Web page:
Blazon: Per fess azure a passion cross or upon a triple mount in base proper and per pale of the first a griffin counter-segreant crowned and bearing a scimitar in the left of the second and in the right three roses gules, slipped and leaved proper, and of the second between a stag’s attires a cross paté of the first.
I don’t have a direct source for the cross, but it seems like a pretty standard thing to put on your municipal arms if you are a small Christian community. However, I do have sources for the base half of the shield. The griffin – crown, scimitar, roses, and all – is taken from the Esterházy arms, which are fucking amazing. I will have to come back to those sometime in the future, because WOW. The Esterházys controlled roughly one-third of the area that currently forms Draßburg from sometime in the 1620s through 1848. Similarly, the other quarter of the shield is derived from the Zichy arms; they controlled the other two-thirds of the area from 1672 to 1715 and from 1795 to 1848. (The Zichys sold the area to the Mesko family in 1715, but after eighty years’ worth of legal proceedings, the Meskos were ordered to give it back.) If you’re wondering what happened in 1848, well… let’s just say the Austrian nobility went into a sharp decline right around then.
Blazon: Per fess azure and gules on a fess wavy between two wings conjoined in base argent surmounted by a sword erect or, in base a lion rampant guardant per fess of the fourth and third, a barrulet wavy of the first
Crest: On a wreath of the colors upon ferns proper a tablot passant sable supporting over the shoulder a post horn or
Supporters: Two griffins or gorged with collars gemel wavy azure charged on the wings with as many seaxes
Mantling: Azure lined argent
Motto: Juncti progrediamur (Let us go forward together)
The wings and sword represent London Airport and the aircraft industry. The lion is from the arms of Hounslow Priory. The fess and barrulet(s) are from the Borough of Brentford and Chiswick, representing the rivers Brent and Thames
The blazon specifies one barrulet, but this depiction shows two. Either the number of the barrulets or the descriptor is off; it could be a barrulet gemel, which would be indicated by the collars on the supporters.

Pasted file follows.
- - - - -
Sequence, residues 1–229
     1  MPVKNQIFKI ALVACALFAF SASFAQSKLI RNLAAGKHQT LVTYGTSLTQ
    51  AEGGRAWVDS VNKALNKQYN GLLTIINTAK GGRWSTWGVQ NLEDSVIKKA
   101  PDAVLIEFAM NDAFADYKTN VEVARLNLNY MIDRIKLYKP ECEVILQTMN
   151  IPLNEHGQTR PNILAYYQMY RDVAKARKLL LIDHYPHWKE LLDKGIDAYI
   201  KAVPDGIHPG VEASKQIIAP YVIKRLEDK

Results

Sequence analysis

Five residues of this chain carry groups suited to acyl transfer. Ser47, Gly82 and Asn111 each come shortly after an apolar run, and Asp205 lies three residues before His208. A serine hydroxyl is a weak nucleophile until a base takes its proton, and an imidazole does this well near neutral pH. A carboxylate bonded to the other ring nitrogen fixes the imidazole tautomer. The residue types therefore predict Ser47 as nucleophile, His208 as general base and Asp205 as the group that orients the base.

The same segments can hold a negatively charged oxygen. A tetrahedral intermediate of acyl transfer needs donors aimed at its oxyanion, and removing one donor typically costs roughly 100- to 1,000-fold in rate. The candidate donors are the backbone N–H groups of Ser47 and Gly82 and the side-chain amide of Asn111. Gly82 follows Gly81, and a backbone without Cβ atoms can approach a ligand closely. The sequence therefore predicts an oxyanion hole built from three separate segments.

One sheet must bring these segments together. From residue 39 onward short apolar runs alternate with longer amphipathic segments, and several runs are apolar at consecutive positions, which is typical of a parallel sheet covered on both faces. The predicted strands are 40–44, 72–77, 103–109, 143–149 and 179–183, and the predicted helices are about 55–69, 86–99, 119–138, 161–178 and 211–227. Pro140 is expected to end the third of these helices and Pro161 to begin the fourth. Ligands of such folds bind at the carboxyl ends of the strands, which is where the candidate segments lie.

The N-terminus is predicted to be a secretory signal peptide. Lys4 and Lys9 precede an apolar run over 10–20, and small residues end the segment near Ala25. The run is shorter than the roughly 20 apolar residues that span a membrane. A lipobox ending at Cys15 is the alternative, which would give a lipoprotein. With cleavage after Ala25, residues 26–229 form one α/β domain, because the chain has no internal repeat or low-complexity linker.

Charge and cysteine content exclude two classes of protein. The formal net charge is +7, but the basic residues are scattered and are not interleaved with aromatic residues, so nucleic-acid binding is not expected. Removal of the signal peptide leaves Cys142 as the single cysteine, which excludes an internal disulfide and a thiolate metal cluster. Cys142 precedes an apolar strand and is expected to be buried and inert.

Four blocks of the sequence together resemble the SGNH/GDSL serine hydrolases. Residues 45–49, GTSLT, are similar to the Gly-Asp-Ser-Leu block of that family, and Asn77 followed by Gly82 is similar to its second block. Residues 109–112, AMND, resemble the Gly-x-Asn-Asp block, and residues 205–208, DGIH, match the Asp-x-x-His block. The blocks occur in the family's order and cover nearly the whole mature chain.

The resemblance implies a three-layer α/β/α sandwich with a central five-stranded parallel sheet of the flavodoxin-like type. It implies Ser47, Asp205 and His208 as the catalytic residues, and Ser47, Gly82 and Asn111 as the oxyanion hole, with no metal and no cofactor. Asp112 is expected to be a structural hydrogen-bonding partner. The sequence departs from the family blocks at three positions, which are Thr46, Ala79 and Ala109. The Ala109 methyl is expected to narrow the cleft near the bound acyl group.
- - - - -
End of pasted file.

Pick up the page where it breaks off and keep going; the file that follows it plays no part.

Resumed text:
Blazon: Argent on a cross gules a mitre or; on a chief sable three escallops of the field
Crest: On a wreath of the colors issuant from a mural crown argent a demi-elephant sable armed or and gorged with a wreath of holly fructed proper
Supporters: On the dexter a lion and on the sinister a griffin or, each gorged with a collar, the dexter argent charged with three molets of five points sable, the sinister of the last charged with as many molets of as many points of the second, pendant from each a fountain
Mantling: Gules lined argent
Motto: Non sibi sed toti (Not for self but for all)
The cross, mural crown, and supporters are derived from the arms of the former borough of Holborn, while those of Hampstead yielded the mitre and the holly wreath, and the escallops and elephant are from St. Pancras. The supporters each correspond to one of the Inns of Court in the borough; the lion is for Lincoln’s Inn, and the griffin for Gray’s.
You know what, it could be worse. At least some of the way-too-many charges are interesting – you don’t see a lot of elephants, and I obviously have a soft spot for griffins. Yes, the level of detail on the collars is incredibly nitpicky, and the colors in this depiction don’t entirely match the blazon, but the actual arms themselves aren’t terrible. The argent-cross-gules is a reference to the city arms, and it obeys the laws of tincture, and honestly, the arms of the London boroughs are so weird and visually messy that I’ll just take what I can get.
Blazon: Azure on a bridge of one arch sable masoned or a griffin passant argent, langued gules, bearing in the dexter claw a bunch of grapes slipped and leaved vert and in the sinister a garb of the third